This is obvious early in the film, as Billy runs down the main street of Kingston Falls on his way to work. The scene is lifted from Jimmy Stewart’s run down Bedford Falls at the end of It’s a Wonderful Life. And, like George Bailey, Billy works at a financial institute. But he’s a clerk at a bank, at odds with a Potter-like character, Mrs. Deagle (Polly Holliday).
But, as if tweaking the rose-colored glasses view of America in Capra’s film, Billy is powerless against Deagle, who also lets loose a bit of The Wicked Witch of the West as she wants to kill Billy’s dog. And Gremlins doesn’t shy away from Deagle’s callousness towards the suffering of others, as she confronts one of her renters (played by Belinda Balaski), making her attitude more horrendous than the villainy of the (metaphorically) mustache twirling Potter.
Even Batman might revoke his stance on not killing villains for this person.
Yet the script gives Deagle a moment of humanity before her come-uppance, further subverting the audience’s expectations. Sure, she’s a crazy catlady, but this moment of softness is unexpected from most movie villains, another sly dig by Dante and Columbus. While not explaining her villainy, they at least show that, in one aspect of her life, the Wicked Witch has a soft spot. It’s a nice, very adult touch that echoes the approach of the 40s Warner Bros. cartoons, delivering humor that will make both parents and children laugh, though for different reasons.
The script does gloss over the deaths of many of Kingston Falls, through careful editing. But adults will realize the mayhem has been sanitized, when it comes to the human toll. Still, it’s hard to accept that the film shies away from such moments, giving the mayhem inflicted on three of the changed gremlins by Billy’s mother (Frances Lee McCain). We get a graphic gremlin death by blender and microwave, and she does stab one repeatedly with a butcher knife, making her the most badass mom ever shown on the screen.
Mrs. Peltzer, kitchen ninja
Sure, the latter death isn’t shown on screen, but it’s still quite intense, thanks to McCain’s acting. And the other deaths cover the kitchen with copious amounts of green gremlin guts. So, the lack of human blood might seem a bit odd, but one has to remember that Gremlins had only two rating choices, PG or R. By minimizing the human violence, the filmmakers were able to get the gremlin gore past the MPAA. But, along with Indiana Jones and the Temple of Doom, Gremlins prompted the MPAA to instigate the now infamous (to horror fans) PG-13 rating.
While one can view the rating as a way for the studio to diminish the gore and market to the widest audience now, the reason for the rating is obvious to elder horror fans. The violence and gore in Gremlins, Temple of Doom and Jaws was more extreme than the PG rated films before them, yet the violence wasn’t graphic enough to warrant an R rating in the MPAA’s view. Regardless of the outcome, it was a wise move by the MPAA (and I can’t believe I wrote that) after Spielberg introduced family friendly gore to the nation.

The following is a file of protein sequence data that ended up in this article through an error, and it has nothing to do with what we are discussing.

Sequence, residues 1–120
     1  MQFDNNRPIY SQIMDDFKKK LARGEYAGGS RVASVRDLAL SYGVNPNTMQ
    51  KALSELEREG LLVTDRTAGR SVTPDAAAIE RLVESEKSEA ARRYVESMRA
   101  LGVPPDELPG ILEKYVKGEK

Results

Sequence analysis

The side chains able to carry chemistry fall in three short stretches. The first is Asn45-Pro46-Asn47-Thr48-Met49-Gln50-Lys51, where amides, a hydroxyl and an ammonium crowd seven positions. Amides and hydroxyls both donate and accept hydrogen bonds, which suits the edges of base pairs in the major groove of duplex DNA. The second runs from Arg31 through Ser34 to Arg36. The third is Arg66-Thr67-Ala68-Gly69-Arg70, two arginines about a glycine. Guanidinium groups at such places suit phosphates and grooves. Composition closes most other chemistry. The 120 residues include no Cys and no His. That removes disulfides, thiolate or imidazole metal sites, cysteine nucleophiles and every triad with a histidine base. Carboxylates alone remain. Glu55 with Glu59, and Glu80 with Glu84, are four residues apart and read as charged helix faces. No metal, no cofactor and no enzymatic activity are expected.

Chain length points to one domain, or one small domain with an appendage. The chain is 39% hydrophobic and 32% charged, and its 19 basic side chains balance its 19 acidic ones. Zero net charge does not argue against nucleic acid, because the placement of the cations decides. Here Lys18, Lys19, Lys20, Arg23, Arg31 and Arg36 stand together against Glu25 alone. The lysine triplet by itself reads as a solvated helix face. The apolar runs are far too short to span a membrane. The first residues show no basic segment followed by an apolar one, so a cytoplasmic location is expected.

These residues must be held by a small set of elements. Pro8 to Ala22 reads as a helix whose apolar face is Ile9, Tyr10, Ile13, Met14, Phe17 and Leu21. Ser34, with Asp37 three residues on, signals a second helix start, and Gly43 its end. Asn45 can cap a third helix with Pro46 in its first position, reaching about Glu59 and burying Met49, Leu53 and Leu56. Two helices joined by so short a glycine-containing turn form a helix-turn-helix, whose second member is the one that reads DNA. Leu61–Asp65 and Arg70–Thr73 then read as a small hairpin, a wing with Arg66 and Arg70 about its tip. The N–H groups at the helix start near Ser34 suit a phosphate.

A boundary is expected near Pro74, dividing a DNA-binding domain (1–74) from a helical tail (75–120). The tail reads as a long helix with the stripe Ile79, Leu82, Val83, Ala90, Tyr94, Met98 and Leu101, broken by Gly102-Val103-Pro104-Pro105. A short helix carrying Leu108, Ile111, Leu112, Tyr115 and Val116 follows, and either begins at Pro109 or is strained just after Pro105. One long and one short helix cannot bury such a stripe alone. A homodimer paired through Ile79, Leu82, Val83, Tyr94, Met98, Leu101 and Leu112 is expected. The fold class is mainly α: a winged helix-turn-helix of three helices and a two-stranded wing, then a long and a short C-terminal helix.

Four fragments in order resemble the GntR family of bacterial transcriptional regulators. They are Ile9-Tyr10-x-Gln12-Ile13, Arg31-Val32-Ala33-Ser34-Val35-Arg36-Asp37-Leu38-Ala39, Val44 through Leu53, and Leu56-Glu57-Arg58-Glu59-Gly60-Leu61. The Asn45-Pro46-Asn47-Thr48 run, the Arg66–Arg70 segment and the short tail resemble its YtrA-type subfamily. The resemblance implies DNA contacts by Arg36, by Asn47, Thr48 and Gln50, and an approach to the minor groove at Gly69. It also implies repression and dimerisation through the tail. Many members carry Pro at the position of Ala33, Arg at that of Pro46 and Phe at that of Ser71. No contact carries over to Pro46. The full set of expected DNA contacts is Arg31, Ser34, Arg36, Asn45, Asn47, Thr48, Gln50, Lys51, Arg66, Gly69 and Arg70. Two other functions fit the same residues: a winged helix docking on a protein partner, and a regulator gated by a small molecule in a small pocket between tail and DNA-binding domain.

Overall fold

Just your typical holiday fare.
With a chainsaw attack....
Speaking of Spielberg (credited as executive producer on Gremlins), one could dismiss this as a Spielberg directed film, as many suspect of Poltergeist. Both films contain his normal themes concerning middle class American families. Yet, by the film’s midpoint, Gremlins rips the lid off such fantasies and lies bare the basic facts of the American Dream. Only Dante would imply that good guys will finish last, striving to be successful, rather than just exist, could result in your child supporting you, and that evil hides in the most pleasant packages. As with Dante’s earlier works, the nastier and more subversive moments of Gremlins shows he’s in total control of the project.
While Spielberg has yet to explore such elements and, given his track record, never will, as a producer, he allows other directors to expose the dark underbelly of his treasured Americana memories. One could see this as a criticism of Spielberg, but I prefer to see such comments as commending his understanding of his strengths, and weaknesses, as a filmmaker, and allowing others to explore themes he's unwilling to explore.
Least I be considered negligent, one can't forget the efforts of Chris Walas and his effects crew cannot be understated. Their work is miraculous, infusing Gizmo and his fellow gremlins with such life that one could believe the puppet performances are trained animals. The effects crew’s work is reminiscent of a Harryhausen movie, as unbelievable characters become flesh and blood on the screen. Yes, the effects are that good and hold up that well.
Wow, that's a lot of puppets. And they look so much better than the upcoming
CGI version of this scene.
The combination of a kid friendly creature, a dark bit at Christmas movies and some rather gruesome elements provides a perfect holiday cocktails mixed by Joe Dante in Gremlins. Such a balanced concoction is rare in modern cinema, as risk is weighted against the odds of getting the characters on a 7-11 Big Gulp cup. But, for a brief time, filmmakers and studios were willing to take the risk of alienating some audience members in an attempt to make a film worth a yearly viewing. Almost 30 years later, Gremlins holds up to seasonal view. So if you’re sick of the standard eggnog served up every December, dip into this spiked treat.